Scots warned Hogmanay travel to England ‘wrong course of action’

John Swinney says cross-border trips would go against the 'spirit' of regulations put in place by the Scottish Government.

Scots warned Hogmanay travel to England ‘wrong course of action’ iStock

Scots planning trips to England for Hogmanay parties have been warned that “would be the wrong course of action”.

Deputy first minister John Swinney said on Wednesday that people were free to make their own decisions but discouraged cross-border journeys to bring in the bells.

He said such trips would go against the “spirit” of the regulations put in place by the Scottish Government.

New Year’s Eve parties have been given the go-ahead in England after UK Government ministers announced no new Covid measures would be imposed before the end of 2021 despite rising cases of the Omicron variant.

That contrasts with the situation in Scotland where new curbs on hospitality venues came into effect on Monday.

Speaking on BBC Breakfast, Swinney said: “People have got to make their own choices, they have got to follow the advice we put in place.

“We have the power in Scotland to put in place certain restrictions and we have done those on what we consider to be a proportionate and appropriate basis.”

He added: “People are free to make their own judgments. But what we have got recognise is that Omicron is a serious threat to absolutely everybody within our society and we have all got to take measures to protect ourselves by limiting our social contacts and connections and by complying with the restrictions we have in place.”

Asked if there would be anything to stop people heading to England, Mr Swinney stated: “People are free to take those decisions, but I would discourage them from doing so.

“I think it is the wrong course of action for people to take because we have a serious situation we have got to manage and we encourage everybody to play their part in addressing that.”

Nightclubs in Scotland closed on December 27 for three weeks unless they are able to operate with social distancing and table service.

All indoor hospitality and leisure venues are required to ensure one-metre social distancing between groups of people who are attending together.

Meanwhile, large-scale traditional Scottish Hogmanay celebrations on December 31 – including Edinburgh’s Party at the Bells on Princes Street – have been called off.

Numbers at indoor public events are limited to 100 standing or 200 seated.

A spokesperson for Night Time Industries Association Scotland said: “The industry has consistently warned devolved governments that the closure of the late night economy could result in an escalation in house parties and illegal events given the restrictions over the last year and the understandable desire to celebrate NYE this year.”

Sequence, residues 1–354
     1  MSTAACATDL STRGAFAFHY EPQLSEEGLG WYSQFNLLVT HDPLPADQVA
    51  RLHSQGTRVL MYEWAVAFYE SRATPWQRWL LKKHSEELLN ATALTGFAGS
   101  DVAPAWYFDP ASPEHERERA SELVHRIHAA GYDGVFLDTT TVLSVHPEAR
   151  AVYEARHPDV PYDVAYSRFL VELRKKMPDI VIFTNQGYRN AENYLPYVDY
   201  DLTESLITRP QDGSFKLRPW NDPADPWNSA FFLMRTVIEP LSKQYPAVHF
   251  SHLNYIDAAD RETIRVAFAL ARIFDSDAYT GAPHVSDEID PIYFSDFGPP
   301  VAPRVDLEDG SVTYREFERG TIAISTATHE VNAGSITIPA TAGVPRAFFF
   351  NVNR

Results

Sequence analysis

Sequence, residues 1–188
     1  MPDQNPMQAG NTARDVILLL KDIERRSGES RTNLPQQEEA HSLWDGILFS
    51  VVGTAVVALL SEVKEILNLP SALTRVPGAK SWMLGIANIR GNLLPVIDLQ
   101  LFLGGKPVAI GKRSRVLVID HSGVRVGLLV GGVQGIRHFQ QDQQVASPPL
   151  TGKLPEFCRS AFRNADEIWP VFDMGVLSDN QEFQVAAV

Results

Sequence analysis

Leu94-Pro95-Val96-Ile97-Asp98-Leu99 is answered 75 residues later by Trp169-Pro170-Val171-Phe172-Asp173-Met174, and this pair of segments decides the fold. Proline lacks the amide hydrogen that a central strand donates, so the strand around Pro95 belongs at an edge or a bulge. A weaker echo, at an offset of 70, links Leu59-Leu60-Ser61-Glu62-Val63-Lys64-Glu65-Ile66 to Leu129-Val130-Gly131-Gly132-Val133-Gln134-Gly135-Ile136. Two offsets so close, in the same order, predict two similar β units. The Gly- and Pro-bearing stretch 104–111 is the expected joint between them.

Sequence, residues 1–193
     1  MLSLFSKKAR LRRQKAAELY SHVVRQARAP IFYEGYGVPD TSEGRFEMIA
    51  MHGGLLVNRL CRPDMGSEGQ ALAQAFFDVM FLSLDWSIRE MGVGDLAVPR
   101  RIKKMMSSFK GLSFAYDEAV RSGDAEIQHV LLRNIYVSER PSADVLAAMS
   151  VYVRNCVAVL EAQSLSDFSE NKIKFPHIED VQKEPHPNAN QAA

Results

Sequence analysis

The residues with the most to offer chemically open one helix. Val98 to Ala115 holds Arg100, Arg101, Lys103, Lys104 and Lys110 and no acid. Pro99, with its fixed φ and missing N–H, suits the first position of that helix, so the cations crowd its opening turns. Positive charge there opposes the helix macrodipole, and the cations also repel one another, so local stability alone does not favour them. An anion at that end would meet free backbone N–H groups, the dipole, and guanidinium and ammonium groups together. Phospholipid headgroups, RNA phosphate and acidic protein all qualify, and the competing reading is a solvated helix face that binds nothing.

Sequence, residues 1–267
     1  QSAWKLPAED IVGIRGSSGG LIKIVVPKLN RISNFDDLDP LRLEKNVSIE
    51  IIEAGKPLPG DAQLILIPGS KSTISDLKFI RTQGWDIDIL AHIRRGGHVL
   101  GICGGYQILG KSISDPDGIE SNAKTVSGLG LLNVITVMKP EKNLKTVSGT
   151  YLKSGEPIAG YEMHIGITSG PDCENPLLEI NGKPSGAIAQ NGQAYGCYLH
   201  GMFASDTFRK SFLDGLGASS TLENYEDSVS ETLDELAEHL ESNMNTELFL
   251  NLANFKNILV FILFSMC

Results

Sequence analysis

“It comes as no surprise to hear that people are planning to travel across borders on NYE to access less restricted hospitality events in England, although given the options and public health considerations, we would rather people enjoy their NYE in regulated settings with mitigations in place to protect patrons and staff.”

The Scottish Conservatives also said reports of people planning to travel south was worrying news for Scotland’s hospitality sector.

A party spokesperson said: “It is not unexpected that some people may choose to travel across the border to celebrate New Year.

“This will come as another blow for Scottish businesses who have been forced to close during their busy Hogmanay period.”

On Tuesday, national clinical director Jason Leitch described Scotland’s surge of almost 40,000 Covid cases over the Christmas break as “depressingly predictable”.

A total of 8252 cases were provisionally recorded on December 25, 11,030 on December 26, 10,562 on December 27, and 9360 on December 28 – the highest daily totals recorded since the start of the pandemic.

Swinney said Scotland is seeing levels of infection “never seen before”, adding this is an “alarming increase which I believe merits the type of restrictions we are reluctantly having to apply”.

He added: “We have very reluctantly had to take the steps we have had to take to make it impossible for large-scale events to take place, like the Edinburgh Hogmanay celebrations”.

He insisted: “We have to take these decisions to protect public health and the public interest at a very challenging moment.”

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